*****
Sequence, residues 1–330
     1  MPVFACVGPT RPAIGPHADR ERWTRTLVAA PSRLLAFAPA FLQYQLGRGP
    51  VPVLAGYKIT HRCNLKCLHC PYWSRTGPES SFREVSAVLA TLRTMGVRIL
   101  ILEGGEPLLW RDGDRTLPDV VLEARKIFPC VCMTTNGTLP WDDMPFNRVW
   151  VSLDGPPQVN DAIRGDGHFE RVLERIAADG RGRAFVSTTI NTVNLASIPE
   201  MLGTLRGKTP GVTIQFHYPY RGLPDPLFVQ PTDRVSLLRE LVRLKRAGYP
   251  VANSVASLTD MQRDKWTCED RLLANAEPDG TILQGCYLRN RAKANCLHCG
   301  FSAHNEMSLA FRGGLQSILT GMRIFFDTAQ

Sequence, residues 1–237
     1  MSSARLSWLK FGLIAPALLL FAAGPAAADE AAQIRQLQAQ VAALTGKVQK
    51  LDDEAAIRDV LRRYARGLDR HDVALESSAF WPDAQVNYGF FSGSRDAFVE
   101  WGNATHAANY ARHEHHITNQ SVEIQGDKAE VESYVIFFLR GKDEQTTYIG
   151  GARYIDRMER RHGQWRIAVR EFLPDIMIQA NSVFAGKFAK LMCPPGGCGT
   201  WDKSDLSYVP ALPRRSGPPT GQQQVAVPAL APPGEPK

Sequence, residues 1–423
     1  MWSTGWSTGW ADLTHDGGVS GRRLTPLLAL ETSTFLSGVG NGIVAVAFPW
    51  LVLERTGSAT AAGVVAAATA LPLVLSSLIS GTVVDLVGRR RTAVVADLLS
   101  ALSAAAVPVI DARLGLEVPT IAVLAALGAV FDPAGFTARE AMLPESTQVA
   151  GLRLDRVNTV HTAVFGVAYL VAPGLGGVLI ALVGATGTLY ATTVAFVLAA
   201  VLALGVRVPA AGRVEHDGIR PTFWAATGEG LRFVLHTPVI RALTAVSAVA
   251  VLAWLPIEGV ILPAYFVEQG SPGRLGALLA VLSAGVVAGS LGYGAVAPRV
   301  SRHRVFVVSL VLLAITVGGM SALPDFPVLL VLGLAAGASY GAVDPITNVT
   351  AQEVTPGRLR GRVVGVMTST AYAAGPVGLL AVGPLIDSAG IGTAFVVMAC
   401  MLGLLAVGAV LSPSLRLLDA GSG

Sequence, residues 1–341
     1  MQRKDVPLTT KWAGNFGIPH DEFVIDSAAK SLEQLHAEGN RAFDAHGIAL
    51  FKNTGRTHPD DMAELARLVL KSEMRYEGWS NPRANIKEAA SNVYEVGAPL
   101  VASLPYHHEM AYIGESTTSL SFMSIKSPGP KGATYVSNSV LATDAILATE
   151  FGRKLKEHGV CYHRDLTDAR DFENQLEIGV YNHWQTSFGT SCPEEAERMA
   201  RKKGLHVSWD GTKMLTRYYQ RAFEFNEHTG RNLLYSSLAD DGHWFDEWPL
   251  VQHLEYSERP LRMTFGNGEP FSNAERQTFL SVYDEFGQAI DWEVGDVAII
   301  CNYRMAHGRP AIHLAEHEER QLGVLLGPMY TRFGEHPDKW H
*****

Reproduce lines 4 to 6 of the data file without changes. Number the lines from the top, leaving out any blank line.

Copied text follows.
   101  ILEGGEPLLW RDGDRTLPDV VLEARKIFPC VCMTTNGTLP WDDMPFNRVW
   151  VSLDGPPQVN DAIRGDGHFE RVLERIAADG RGRAFVSTTI NTVNLASIPE
   201  MLGTLRGKTP GVTIQFHYPY RGLPDPLFVQ PTDRVSLLRE LVRLKRAGYP